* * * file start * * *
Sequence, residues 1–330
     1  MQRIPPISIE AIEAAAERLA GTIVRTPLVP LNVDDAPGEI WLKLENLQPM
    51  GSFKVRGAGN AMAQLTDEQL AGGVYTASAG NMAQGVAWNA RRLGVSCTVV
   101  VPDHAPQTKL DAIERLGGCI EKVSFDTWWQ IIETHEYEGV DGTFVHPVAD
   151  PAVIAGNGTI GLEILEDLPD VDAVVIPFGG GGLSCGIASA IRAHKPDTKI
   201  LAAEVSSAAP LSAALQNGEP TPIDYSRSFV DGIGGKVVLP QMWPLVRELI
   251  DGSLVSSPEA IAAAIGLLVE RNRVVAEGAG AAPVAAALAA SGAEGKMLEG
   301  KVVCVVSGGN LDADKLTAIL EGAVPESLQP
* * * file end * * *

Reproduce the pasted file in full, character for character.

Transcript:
Sequence, residues 1–330
     1  MQRIPPISIE AIEAAAERLA GTIVRTPLVP LNVDDAPGEI WLKLENLQPM
    51  GSFKVRGAGN AMAQLTDEQL AGGVYTASAG NMAQGVAWNA RRLGVSCTVV
   101  VPDHAPQTKL DAIERLGGCI EKVSFDTWWQ IIETHEYEGV DGTFVHPVAD
   151  PAVIAGNGTI GLEILEDLPD VDAVVIPFGG GGLSCGIASA IRAHKPDTKI
   201  LAAEVSSAAP LSAALQNGEP TPIDYSRSFV DGIGGKVVLP QMWPLVRELI
   251  DGSLVSSPEA IAAAIGLLVE RNRVVAEGAG AAPVAAALAA SGAEGKMLEG
   301  KVVCVVSGGN LDADKLTAIL EGAVPESLQP